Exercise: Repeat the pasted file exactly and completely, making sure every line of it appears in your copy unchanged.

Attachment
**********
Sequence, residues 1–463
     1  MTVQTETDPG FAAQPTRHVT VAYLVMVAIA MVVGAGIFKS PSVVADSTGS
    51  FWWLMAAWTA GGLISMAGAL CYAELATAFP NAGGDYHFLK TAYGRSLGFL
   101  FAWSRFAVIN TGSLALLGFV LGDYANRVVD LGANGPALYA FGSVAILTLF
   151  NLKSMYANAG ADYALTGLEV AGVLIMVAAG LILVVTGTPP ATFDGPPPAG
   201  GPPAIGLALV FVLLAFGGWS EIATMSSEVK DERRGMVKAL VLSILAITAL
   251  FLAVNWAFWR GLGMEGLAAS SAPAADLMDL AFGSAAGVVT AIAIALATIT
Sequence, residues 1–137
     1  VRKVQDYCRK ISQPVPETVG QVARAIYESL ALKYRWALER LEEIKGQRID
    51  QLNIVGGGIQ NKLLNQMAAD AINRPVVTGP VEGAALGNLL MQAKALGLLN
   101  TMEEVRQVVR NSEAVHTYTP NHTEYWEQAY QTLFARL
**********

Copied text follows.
Sequence, residues 1–463
     1  MTVQTETDPG FAAQPTRHVT VAYLVMVAIA MVVGAGIFKS PSVVADSTGS
    51  FWWLMAAWTA GGLISMAGAL CYAELATAFP NAGGDYHFLK TAYGRSLGFL
   101  FAWSRFAVIN TGSLALLGFV LGDYANRVVD LGANGPALYA FGSVAILTLF
   151  NLKSMYANAG ADYALTGLEV AGVLIMVAAG LILVVTGTPP ATFDGPPPAG
   201  GPPAIGLALV FVLLAFGGWS EIATMSSEVK DERRGMVKAL VLSILAITAL
   251  FLAVNWAFWR GLGMEGLAAS SAPAADLMDL AFGSAAGVVT AIAIALATIT
Sequence, residues 1–137
     1  VRKVQDYCRK ISQPVPETVG QVARAIYESL ALKYRWALER LEEIKGQRID
    51  QLNIVGGGIQ NKLLNQMAAD AINRPVVTGP VEGAALGNLL MQAKALGLLN
   101  TMEEVRQVVR NSEAVHTYTP NHTEYWEQAY QTLFARL